You may be able to simplify the restart process. I use an overnight starter (detailed here), and I can typically smell fermentation in about 6 hours, and have visible fermentation by the following morning.

Your wine is at 75 F, which is good (I ferment between 62 and 70, depending on the current temperature in my cellar), and you're using a Champagne yeast, which has high alcohol tolerance. I don't know if the Red Star version is as robust as Lalvin EC-1118, but I expect it's probably close.

I'd create the starter (as the post indicates, water at ~95 F) and put it next to the must. The starter will cool down to the temperature of the must, so there will be no temperature shock.

Twenty-four hours later, put the wine back into a primary fermenter, swirl the starter to mix, and carefully pour the starter down the inside of the fermenter so it spreads as little as feasible. Put a towel over it and leave it for 24 hours before stirring.

Currently I have four 144 lb batches in progress. I inoculated at 4PM yesterday and could smell fermentation by 8PM. I punched down at noon today (20 hours later), and all containers are fermenting -- 3 of the 4 have high-n-tight caps, the 4th is a bit behind the others. I'm using Avante in two and RC-212 in the other two.

Given the quick start I get with the starter as described, I question the real value of making a more complicated starter. Warm water, nutrient, sugar, and yeast get the yeast reproducing quickly, producing a large colony, and keeping the starter in a tighter area helps the yeast acclimate to the must. YMMV.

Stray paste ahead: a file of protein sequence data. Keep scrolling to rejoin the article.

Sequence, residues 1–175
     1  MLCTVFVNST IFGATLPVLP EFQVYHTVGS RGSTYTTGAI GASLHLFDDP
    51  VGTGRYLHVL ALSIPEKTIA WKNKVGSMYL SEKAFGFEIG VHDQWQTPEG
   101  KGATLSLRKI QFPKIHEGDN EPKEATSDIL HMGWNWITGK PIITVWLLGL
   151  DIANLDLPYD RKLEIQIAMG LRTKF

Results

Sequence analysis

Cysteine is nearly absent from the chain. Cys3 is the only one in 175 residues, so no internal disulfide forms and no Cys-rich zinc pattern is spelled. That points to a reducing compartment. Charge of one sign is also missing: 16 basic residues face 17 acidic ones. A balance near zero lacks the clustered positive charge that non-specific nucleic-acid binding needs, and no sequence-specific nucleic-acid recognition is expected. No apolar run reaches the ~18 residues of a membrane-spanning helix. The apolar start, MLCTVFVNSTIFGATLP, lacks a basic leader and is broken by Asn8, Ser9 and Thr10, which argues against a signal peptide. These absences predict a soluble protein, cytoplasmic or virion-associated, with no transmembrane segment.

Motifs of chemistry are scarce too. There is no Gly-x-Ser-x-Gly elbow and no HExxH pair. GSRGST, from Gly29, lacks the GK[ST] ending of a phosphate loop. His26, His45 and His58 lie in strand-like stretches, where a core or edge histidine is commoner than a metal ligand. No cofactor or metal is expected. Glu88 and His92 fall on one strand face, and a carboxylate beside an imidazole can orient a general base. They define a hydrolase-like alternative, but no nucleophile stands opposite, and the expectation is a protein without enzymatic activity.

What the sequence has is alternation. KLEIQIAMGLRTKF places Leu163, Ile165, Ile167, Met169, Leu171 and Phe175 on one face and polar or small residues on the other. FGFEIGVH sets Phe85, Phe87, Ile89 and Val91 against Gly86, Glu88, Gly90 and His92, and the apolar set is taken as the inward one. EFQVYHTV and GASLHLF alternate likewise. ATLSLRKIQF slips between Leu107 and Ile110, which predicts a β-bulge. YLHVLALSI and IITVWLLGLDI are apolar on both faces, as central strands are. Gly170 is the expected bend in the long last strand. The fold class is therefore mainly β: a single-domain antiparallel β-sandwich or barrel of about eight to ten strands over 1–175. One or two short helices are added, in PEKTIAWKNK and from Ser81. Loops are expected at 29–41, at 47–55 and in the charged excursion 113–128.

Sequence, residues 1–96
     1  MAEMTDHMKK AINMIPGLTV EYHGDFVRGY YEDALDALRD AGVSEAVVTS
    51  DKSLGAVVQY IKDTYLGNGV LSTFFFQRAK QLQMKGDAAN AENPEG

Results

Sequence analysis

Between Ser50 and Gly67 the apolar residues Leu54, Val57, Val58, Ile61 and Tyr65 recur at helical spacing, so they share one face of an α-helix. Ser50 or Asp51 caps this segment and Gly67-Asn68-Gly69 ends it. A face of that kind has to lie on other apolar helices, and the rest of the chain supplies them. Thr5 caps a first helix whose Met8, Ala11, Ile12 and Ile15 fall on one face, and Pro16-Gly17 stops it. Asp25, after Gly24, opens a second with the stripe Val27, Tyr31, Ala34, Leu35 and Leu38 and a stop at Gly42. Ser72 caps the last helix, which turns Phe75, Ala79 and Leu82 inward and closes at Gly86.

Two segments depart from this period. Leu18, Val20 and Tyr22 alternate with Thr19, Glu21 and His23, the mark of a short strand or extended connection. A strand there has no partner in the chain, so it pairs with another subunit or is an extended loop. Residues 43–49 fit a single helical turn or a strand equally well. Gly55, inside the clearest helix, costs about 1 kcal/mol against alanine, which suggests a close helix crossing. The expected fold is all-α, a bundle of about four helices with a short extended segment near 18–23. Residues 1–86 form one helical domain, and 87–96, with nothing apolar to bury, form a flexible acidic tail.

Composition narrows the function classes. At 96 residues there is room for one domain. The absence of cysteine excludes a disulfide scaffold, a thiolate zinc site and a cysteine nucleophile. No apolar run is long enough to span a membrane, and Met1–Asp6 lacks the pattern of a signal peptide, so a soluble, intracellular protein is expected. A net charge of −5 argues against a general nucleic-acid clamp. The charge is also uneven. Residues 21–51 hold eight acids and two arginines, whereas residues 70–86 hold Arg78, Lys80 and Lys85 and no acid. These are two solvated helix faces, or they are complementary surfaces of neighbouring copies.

I appreciate the helpful advice. Perhaps a standard yeast starter will be sufficiently vigorous to reactivate the fermentation process.
I am curious about the possible efficacy of gradual introduction of the stuck wine to the starter, the premise being that a slightly diluted wine at first helps the yeast to acclimate easier to the high alcohol environment. Maybe the daily additions is overkill, but what about an initial addition of say a quart of stuck wine and then a day later (assuming fermentation remains visibly vigorous) add the remaining 4.5 gallons of stuck wine.
normally it is suggested to add one cup of stuck wine to the starter. once fermenting then add two cups, once fermenting add 4 cups, continue in this matter doubling the volume of stuck wine added to the fermenting wine each time fermentation restarts
Thanks - gradual addition was my original thinking. Glad to hear that others have found it effective.
@salcoco's advice is good advice. With a 1 cup starter, you're diluting the wine by half and letting it rock. Once you have evidence of fermentation you're increasing the concentration of the wine, but the yeast colony is that much larger. This is proven to work.

I suggest getting the starter going first -- the more ideal (for the yeast) environment of warmer, nutrient, and sugar without alcohol and acid will produce a larger initial colony. Let that perk for 24 hours, then proceed.